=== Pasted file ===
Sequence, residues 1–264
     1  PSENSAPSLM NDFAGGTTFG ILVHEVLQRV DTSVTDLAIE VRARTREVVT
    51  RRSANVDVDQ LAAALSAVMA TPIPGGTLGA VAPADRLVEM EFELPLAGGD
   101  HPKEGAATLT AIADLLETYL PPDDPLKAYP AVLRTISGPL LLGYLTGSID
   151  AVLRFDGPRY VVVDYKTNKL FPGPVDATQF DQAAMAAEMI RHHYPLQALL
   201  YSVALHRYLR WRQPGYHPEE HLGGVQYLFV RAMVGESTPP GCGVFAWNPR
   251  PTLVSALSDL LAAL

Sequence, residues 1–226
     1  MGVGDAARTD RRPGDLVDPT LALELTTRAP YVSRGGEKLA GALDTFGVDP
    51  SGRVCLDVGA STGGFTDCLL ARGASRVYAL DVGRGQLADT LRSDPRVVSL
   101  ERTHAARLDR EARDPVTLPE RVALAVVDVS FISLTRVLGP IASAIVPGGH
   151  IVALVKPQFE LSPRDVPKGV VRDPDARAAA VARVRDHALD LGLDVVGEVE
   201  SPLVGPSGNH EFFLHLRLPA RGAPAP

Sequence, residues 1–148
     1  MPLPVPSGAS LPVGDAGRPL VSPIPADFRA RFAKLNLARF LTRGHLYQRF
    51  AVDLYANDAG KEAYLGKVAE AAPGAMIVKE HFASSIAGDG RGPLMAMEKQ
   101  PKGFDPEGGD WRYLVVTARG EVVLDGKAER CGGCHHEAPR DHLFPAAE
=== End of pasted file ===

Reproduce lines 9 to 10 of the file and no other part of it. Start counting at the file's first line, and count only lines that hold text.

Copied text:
     1  MGVGDAARTD RRPGDLVDPT LALELTTRAP YVSRGGEKLA GALDTFGVDP
    51  SGRVCLDVGA STGGFTDCLL ARGASRVYAL DVGRGQLADT LRSDPRVVSL